.

Dr. Conrad Murray Charged With Involuntary Manslaughter in Michael Jackson's Death

February 8, 2010 12:00 AM ET

Nearly eight months after Michael Jackson died due to "acute Propofol intoxication," the singer's personal physician Dr. Conrad Murray has been charged with involuntary manslaughter by the Los Angeles District Attorney's office for his role in the King of Pop's sudden death on June 25th, 2009, CNN reports. In a press release, the D.A.'s office writes that Murray "did unlawfully, and without malice, kill Michael Joseph Jackson ... in the commission of an unlawful act, not a felony; and in the commission of a lawful act which might have produced death, in an unlawful manner, and without due caution and circumspection." If found guilty, Murray faces a maximum four-year prison sentence.

Look back at Michael Jackson's life and career, in photos.

As Rolling Stone previously reported, Jackson's death was ruled a homicide after a toxicology report discovered that the powerful sedative Propofol and other sedatives ultimately caused Jackson to go into cardiac arrest. Investigators have long accused Murray of using "gross negligence" in administering Propofol to Jackson, because the sedative is meant to be used strictly in hospital settings for patients recovering from surgery. In interviews with police, Murray admitted administering Propofol to Jackson after the singer himself requested the sedative, which he dubbed "milk" because of its cloudy white appearance, to help his insomnia.

Charges were expected to be filed last week in the case, but a conflict between the District Attorney's office and the Los Angeles Police Department delayed the charges until today. Murray entered the Airport Court in Los Angeles to surrender to the LAPD just before 1 p.m. PST, where he was arraigned on the involuntary manslaughter charge. Murray pleaded not guilty to the charge. TMZ reports bail was set at $75,000, three times the usual bail in a case like this. Prosecutors originally sought bail of $300,000 because Murray was born outside the country and could be considered a flight risk. Murray was forced to give up his passport as part of the terms of his bail agreement. Members of Michael Jackson's family were in attendance for the arraignment. According to the D.A.'s press release, Deputy District Attorney David Walgren will prosecute the case.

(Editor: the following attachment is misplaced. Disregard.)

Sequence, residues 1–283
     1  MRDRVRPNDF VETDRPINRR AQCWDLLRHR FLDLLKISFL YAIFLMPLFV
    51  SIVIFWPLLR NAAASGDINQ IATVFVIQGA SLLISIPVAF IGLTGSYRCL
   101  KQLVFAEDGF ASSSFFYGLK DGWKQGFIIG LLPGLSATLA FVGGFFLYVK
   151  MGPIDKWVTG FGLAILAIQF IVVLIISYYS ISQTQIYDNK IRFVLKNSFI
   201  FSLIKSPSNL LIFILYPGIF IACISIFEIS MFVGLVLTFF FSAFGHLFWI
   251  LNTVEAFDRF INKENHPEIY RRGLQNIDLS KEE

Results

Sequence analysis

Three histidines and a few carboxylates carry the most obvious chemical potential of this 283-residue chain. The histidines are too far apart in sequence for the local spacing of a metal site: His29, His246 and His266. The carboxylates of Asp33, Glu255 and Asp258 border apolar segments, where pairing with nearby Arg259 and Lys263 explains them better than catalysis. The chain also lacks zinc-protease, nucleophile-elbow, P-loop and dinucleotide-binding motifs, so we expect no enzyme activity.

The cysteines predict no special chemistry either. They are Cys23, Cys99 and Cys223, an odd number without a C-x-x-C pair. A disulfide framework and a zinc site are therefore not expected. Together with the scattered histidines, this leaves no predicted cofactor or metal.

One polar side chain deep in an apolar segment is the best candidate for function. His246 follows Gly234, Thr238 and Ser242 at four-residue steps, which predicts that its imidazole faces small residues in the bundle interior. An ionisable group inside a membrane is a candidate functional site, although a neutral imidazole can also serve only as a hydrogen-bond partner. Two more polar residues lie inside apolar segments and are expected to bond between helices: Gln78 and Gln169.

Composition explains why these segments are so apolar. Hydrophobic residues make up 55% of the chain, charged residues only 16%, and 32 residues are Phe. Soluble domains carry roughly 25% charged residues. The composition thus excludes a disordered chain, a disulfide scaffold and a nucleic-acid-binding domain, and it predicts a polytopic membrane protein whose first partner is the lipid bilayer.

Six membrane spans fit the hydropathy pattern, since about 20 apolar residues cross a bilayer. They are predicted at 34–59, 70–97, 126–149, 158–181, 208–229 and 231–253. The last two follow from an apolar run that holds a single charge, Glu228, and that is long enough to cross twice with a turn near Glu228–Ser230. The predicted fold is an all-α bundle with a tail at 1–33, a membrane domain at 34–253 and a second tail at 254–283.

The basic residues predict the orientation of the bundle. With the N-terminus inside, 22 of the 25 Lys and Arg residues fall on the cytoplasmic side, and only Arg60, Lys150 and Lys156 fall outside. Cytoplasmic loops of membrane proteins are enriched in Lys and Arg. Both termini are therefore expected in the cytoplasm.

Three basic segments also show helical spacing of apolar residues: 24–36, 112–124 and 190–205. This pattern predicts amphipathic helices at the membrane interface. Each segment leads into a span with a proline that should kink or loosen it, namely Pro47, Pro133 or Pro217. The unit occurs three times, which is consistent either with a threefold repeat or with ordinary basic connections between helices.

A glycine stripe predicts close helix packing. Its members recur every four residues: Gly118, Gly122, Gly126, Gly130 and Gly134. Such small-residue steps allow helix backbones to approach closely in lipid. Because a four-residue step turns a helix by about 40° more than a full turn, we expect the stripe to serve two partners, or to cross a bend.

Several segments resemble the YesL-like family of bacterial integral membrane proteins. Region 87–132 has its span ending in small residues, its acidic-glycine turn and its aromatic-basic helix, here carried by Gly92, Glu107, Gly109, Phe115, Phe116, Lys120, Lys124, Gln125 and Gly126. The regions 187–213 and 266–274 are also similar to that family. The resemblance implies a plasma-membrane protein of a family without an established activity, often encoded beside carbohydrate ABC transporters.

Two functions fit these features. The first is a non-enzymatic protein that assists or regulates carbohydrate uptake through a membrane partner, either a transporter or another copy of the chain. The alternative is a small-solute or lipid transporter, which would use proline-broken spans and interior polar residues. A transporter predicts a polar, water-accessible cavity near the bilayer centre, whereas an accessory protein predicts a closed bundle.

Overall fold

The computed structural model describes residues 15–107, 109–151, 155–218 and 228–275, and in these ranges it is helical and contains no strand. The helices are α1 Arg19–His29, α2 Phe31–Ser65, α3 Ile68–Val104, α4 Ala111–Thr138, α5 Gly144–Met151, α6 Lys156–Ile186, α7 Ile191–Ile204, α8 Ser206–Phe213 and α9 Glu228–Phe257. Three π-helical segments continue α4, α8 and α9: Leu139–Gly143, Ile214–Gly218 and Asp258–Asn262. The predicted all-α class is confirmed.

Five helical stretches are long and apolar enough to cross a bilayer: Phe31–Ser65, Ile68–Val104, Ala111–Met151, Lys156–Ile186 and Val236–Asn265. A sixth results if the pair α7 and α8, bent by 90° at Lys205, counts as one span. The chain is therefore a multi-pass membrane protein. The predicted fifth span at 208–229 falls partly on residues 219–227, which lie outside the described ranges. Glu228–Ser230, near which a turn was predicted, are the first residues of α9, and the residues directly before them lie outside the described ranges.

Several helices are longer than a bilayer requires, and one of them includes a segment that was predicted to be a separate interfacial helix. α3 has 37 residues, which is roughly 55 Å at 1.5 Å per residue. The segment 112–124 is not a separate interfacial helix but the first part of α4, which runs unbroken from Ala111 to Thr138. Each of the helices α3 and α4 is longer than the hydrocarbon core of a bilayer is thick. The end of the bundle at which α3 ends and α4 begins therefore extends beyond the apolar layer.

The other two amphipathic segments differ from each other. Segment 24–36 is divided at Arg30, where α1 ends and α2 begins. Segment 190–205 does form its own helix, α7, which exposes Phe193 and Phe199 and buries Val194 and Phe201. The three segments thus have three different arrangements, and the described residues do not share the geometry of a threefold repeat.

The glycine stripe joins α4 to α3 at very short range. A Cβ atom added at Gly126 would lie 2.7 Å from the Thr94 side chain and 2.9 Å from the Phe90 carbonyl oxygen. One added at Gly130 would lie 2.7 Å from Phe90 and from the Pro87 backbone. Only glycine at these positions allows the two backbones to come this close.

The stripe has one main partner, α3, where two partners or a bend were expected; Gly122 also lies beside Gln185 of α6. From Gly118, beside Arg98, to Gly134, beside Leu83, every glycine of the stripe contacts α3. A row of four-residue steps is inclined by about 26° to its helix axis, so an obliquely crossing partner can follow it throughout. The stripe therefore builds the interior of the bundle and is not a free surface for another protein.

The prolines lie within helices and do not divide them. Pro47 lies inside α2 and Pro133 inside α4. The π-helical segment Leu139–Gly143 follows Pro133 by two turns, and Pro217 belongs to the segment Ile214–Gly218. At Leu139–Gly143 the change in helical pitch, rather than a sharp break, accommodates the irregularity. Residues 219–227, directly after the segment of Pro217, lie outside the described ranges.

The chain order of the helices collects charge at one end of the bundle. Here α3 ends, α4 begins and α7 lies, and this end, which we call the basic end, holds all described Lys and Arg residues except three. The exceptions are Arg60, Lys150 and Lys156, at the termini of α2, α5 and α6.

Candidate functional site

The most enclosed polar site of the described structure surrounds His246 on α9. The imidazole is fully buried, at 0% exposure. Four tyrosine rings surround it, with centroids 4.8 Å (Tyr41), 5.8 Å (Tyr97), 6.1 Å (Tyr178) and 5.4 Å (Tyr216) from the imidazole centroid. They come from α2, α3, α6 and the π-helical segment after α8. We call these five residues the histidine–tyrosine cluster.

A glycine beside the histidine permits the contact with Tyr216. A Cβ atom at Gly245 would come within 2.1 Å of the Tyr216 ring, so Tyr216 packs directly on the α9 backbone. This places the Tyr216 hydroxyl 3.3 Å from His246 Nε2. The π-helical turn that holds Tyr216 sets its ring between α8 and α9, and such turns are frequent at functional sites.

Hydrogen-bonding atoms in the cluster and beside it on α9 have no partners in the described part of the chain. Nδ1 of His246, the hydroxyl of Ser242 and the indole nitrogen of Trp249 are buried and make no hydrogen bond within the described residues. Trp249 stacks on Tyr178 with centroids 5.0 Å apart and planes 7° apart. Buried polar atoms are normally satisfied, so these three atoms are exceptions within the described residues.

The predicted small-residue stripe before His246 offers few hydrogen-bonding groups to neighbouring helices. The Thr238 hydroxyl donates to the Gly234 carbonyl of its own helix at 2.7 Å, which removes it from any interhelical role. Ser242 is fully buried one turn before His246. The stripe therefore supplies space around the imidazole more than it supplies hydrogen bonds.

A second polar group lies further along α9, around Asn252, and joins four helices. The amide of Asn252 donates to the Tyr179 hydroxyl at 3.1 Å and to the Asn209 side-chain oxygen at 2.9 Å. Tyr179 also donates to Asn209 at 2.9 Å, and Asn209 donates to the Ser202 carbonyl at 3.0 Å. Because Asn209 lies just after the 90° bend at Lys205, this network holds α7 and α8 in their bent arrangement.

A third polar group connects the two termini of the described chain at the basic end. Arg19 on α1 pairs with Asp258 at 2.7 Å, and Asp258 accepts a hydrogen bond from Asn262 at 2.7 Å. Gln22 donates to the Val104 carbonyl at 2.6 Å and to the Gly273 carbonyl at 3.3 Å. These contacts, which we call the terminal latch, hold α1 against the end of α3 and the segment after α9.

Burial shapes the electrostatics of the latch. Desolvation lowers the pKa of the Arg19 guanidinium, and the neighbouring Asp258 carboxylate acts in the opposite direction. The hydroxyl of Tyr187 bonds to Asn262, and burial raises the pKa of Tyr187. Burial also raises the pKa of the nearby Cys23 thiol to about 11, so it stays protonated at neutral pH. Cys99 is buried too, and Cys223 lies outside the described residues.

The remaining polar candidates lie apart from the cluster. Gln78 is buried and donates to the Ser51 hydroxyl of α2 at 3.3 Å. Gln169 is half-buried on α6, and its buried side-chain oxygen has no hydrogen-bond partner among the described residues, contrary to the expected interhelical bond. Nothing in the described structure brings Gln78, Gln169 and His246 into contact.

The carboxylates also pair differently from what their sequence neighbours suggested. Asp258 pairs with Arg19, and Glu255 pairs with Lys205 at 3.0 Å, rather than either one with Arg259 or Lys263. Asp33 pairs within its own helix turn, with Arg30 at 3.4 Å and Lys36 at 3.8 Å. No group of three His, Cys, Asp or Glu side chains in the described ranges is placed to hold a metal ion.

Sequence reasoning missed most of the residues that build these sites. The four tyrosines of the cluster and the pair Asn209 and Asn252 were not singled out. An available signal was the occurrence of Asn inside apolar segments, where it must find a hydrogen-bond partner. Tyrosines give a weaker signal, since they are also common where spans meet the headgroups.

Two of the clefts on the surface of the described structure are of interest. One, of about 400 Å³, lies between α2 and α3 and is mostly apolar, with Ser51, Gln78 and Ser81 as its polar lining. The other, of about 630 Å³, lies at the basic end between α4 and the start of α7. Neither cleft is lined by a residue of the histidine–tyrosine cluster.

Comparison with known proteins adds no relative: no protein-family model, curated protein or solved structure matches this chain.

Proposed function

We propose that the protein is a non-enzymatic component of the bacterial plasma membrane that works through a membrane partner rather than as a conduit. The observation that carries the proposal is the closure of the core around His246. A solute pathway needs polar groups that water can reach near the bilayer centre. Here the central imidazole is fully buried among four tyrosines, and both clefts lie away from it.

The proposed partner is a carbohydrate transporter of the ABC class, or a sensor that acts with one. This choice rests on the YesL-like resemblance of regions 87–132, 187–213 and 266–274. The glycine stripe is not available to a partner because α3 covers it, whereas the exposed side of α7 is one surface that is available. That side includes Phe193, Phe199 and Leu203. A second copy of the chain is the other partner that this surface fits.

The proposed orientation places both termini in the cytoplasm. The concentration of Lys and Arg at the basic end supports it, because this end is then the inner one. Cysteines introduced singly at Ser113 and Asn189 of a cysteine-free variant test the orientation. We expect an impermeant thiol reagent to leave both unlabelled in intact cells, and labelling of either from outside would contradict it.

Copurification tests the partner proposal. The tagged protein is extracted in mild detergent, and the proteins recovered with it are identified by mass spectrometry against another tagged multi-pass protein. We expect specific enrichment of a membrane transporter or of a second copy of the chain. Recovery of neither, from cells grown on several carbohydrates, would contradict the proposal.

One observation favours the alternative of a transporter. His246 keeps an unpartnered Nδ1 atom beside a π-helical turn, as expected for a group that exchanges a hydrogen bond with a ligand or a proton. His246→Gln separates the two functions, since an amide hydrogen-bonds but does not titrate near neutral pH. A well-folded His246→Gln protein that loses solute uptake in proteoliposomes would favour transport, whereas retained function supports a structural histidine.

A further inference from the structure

Visit all of Rolling Stone's Michael Jackson coverage.

Related Stories:
No Charges for Jackson Doctor Yet; Conrad Murray Expected to Surrender to Cops
Source: Dr. Murray Likely to Face Manslaughter for Jackson Death
Michael Jackson's Death Officially Ruled Homicide

To read the new issue of Rolling Stone online, plus the entire RS archive: Click Here

prev
Music Main Next
Around the Web
Powered By ZergNet
Daily Newsletter

Get the latest RS news in your inbox.

Sign up to receive the Rolling Stone newsletter and special offers from RS and its
marketing partners.

X

We may use your e-mail address to send you the newsletter and offers that may interest you, on behalf of Rolling Stone and its partners. For more information please read our Privacy Policy.

Song Stories

“Hungry Like the Wolf”

Duran Duran | 1982

This indulgent New Romantic group generated their first U.S. hit with the help of what was at the time new technology. "Simon [Le Bon] and I, I think, had been out the night before and had this terrible hangover," said keyboardist Nick Rhodes. "For some reason we were feeling guilty about it and decided to go and do some work." Rhodes started playing with his Jupiter-8 synth, and then "Simon had an idea for a lyric, and by lunchtime when everyone else turned up, we pretty much had the song." The Simmons drumbeat was equally important to the sound of "Hungry Like the Wolf," as Duran Duran drummer Roger Taylor stated it "kind of defined the drum sound for the Eighties."

More Song Stories entries »
 
www.expandtheroom.com